Capsular lesions frequently seen during arthroscopic Bankart repair
Among shoulders treated with arthroscopic Bankart repair, investigators found nearly 30% also had capsular lesions and these correlated with postoperative recurrent instability.
Using operative records, still pictures and videos, researchers retrospectively reviewed capsular lesions in 172 shoulders with traumatic, anterior shoulder instability. Investigators assessed the prevalence of capsular lesions and severity of the capsular lesions. For a minimum of 2 years, the postoperative recurrence of instability in shoulders was observed. Factors that were correlated with the occurrence of capsular lesions and postoperative recurrence of instability were assessed.
There were capsular lesions in 37 shoulders. Of these, 20 were considered severe and 17 were mild. Investigators noted all capsular lesions were repaired during the arthroscopic Bankart procedure. Investigators found recurrent shoulder instability in 10 shoulders (29.4%) after 2-years follow-up. Six of these shoulders had severe lesions and four shoulders had mild lesions.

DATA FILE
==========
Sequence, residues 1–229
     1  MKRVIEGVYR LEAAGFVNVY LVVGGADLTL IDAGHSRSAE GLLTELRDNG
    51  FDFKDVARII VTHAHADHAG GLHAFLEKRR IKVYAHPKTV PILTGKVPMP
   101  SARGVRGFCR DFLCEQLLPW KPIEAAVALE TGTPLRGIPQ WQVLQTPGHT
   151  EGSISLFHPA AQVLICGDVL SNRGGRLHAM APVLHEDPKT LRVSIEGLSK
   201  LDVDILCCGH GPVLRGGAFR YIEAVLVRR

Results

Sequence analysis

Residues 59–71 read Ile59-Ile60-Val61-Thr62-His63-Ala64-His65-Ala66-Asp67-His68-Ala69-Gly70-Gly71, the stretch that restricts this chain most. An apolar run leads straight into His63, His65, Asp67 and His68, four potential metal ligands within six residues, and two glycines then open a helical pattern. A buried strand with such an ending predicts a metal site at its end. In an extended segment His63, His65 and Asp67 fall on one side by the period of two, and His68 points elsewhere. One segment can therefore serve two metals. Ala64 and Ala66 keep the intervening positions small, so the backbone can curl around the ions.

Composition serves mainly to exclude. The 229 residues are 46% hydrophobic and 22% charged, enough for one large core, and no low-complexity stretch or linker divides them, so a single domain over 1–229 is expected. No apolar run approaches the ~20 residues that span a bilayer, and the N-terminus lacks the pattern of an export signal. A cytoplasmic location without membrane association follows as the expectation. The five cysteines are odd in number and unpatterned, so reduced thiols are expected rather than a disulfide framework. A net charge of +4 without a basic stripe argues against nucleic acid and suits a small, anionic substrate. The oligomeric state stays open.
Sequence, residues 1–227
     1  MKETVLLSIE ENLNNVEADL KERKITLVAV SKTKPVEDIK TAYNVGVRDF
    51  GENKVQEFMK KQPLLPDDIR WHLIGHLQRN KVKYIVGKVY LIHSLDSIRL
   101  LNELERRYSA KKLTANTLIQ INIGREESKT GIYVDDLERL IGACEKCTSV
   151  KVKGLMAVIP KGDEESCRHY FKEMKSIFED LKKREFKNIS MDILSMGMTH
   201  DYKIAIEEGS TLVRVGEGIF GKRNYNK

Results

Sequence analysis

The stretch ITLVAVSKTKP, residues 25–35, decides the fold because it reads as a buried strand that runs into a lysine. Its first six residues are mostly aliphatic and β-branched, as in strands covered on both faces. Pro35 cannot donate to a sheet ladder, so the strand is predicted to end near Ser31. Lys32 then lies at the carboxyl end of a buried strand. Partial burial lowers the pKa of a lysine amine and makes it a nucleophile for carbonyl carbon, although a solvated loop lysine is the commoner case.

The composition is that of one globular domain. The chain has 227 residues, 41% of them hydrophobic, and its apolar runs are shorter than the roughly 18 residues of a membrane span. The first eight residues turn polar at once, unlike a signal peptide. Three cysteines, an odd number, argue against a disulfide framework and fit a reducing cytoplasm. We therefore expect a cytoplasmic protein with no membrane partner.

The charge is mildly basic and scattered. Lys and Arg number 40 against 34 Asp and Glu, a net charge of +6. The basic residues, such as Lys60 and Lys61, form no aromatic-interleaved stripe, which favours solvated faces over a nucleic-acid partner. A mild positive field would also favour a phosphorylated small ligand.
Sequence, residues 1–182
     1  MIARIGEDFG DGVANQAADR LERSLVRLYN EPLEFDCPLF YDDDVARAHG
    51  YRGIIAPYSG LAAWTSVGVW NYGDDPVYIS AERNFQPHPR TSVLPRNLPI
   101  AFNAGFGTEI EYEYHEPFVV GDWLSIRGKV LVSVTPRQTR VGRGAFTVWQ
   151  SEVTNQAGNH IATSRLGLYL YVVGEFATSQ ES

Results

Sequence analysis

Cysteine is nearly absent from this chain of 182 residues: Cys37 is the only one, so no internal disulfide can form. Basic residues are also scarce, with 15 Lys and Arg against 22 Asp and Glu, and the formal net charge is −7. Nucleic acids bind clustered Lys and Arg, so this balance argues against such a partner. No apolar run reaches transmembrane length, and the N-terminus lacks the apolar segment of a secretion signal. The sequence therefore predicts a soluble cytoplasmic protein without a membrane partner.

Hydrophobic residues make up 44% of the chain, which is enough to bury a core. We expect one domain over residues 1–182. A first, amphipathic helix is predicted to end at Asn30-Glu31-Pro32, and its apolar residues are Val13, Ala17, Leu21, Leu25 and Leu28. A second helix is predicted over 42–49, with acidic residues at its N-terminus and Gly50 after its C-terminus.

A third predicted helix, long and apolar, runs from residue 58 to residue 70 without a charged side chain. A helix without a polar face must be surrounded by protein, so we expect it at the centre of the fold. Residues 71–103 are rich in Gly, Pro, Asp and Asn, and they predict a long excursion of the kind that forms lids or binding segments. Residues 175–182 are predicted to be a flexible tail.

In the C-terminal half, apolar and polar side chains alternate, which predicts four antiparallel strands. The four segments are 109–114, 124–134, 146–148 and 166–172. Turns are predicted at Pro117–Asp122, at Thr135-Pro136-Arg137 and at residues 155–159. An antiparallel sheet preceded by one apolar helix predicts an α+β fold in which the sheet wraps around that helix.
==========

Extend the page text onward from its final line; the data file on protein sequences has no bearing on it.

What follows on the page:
According to researchers, shoulders with capsular lesions had a significantly higher recurrence rate compared to those without capsular lesions; however, no difference was seen between cases with severe lesions vs. mild lesions.
Capsular lesions were seen more frequently in patients 30 years or older, patients with complete dislocation and patients who had coexisting Hill-Sachs lesions, regardless of the sports patients played. Patients who were younger than 30 years and were competitive athletes saw significantly higher rates of recurrent instability. – by Monica Jaramillo
: The researchers report no relevant financial disclosures.